Health Desk : While buying groceries, we often buy such things which cause great harm to health. If you follow healthy diet, then avoid keeping these things in your kitchen. Let’s know about these things.
Flavored Yogurt – Flavored yogurt contains a lot of sugar and soda. If you eat it in the morning or in a snack, then it can be very dangerous for your health. If you have to eat flavored yogurt, then you can eat fresh fruit by adding fresh fruit to it.
Packaged Oatmeal – Oatmeal is very beneficial for health. It is a good habit to start the day with oatmeal, but you should buy plane oatmeal and make it yourself at home. Contained packaged oatmeal contains a lot of sugar. So don’t give it a place in your kitchen.
Processed food – Processed cereals means that calories and sugar are very high in cereals. You should start the day with protein rich things like eggs. Breakfast should eat such things that are healthy and that keep you active throughout the day. Processed food is the worst option.
Tomato Ketchup – Tomato ketchups in the market are high in fructose. There is a lot of sugar in them. Homemade tomato fresh sauce is more beneficial for health. So now you don’t put tomato ketchup packets in your kitchen.
Muffins – Muffins are as harmful to health as cup cakes. They have very high calorie intake. In them, all those ingredients are found, such as fructose corn syrup and soybean oil, which work to increase obesity.
Nutrella – Nutella is the first choice of most people. Especially children eat it very fondly but it contains sugar and palm oil. Due to high amount of sugar, it should be avoided.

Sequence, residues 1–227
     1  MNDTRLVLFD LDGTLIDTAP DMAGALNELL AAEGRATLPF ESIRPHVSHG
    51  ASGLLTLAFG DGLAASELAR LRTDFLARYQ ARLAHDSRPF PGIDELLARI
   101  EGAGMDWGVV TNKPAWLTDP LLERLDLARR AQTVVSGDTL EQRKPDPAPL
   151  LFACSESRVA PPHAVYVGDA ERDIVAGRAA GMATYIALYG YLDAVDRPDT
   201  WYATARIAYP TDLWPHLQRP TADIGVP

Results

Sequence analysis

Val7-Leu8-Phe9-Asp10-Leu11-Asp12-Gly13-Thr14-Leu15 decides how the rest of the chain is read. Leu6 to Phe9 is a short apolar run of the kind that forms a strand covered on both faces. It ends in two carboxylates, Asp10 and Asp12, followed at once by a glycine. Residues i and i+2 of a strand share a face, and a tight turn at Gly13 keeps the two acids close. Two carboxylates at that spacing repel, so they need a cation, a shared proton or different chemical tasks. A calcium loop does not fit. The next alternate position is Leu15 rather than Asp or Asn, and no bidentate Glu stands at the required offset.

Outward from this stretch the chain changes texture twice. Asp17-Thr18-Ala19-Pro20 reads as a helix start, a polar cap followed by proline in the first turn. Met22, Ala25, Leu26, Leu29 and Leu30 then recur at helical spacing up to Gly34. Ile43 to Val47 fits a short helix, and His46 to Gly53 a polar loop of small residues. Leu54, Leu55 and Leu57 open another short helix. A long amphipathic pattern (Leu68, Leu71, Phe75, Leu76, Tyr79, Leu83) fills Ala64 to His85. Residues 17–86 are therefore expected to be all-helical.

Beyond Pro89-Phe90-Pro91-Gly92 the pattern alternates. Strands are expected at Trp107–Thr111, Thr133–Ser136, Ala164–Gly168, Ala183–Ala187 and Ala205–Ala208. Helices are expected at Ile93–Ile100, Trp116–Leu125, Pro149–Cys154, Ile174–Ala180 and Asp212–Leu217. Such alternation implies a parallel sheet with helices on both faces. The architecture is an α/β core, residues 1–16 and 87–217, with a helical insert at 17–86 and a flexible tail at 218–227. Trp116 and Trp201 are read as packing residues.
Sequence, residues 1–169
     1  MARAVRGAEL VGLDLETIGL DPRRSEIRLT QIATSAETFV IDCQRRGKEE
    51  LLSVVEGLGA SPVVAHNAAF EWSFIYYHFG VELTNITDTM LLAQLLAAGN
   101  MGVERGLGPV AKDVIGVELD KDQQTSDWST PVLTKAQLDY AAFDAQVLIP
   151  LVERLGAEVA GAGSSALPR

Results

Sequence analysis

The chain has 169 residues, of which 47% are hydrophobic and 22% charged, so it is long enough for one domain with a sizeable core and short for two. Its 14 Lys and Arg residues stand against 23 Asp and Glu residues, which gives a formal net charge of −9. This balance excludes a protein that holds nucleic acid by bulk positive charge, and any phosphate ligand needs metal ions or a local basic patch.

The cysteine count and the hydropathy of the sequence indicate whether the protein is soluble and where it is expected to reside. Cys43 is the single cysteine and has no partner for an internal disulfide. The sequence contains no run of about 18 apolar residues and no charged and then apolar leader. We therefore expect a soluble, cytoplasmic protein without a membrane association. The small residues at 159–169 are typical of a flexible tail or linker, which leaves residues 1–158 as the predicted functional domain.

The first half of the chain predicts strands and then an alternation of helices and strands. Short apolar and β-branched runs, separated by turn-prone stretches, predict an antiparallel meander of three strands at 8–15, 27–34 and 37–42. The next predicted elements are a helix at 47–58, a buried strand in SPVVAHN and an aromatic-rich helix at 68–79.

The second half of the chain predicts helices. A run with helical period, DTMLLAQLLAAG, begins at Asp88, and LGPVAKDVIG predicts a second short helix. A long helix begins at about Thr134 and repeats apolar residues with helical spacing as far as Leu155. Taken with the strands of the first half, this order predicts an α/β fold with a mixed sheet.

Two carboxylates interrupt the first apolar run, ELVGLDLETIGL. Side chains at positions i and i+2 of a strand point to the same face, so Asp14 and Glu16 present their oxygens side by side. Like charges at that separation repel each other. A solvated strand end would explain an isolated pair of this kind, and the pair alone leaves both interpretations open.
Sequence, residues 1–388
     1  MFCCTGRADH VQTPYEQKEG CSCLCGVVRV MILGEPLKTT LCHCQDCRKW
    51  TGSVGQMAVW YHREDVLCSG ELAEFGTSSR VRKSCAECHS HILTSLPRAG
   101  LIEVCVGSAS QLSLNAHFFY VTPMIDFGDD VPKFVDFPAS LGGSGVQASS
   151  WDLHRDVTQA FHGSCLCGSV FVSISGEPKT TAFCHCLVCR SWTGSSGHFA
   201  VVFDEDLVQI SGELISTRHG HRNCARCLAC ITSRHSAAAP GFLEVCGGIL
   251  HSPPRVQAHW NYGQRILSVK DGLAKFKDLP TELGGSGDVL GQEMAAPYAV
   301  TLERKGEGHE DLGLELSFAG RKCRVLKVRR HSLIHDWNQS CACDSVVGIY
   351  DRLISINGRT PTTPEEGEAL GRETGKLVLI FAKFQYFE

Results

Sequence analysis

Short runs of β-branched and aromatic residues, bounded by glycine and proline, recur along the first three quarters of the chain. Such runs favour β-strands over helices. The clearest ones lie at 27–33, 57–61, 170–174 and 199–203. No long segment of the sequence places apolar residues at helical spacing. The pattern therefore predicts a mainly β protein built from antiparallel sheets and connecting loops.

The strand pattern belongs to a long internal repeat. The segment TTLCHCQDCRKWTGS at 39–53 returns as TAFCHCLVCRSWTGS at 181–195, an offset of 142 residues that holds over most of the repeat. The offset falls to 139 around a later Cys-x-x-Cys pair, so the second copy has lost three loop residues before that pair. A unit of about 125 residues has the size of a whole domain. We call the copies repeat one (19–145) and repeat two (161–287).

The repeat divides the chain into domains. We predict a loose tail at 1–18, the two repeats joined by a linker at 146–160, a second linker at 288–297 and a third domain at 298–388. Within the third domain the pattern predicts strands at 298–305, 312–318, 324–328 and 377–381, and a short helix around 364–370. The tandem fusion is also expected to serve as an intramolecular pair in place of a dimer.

Low Fat Snacks – Most people prefer to eat low fat snacks for weight loss. Too many harmful things are used in low fat snacks found in the market. Processed low fat snacks contain more sugar, vegetable oil, and artificial preservatives. They contain only nominal nutrients, so they should be avoided.
Falls are a serious risk for older adults, with consequences such as fractures and head injuries that can lead to death. As many as one-third of adults over 65 years who live independently fall annually. Researchers from the University of Sydney in Australia conducted a systematic review of 108 studies to determine the effectiveness of exercise interventions.
Data analysis showed that exercise training can reduce falls by 23%. Programs combining balance exercises and functional training reduced falls among participants when compared with non exercisers. Programs that blend balance with functional and resistance training are likely to reduce falls, and consistent tai chi practice may also lower risks.
“This review provides high-certainty evidence that well-designed exercise programmes reduce the rate of falls among older people living in the community,” study authors noted. “Greater provision and implementation of these programmes is an urgent challenge for the global sport and exercise medicine community . . .”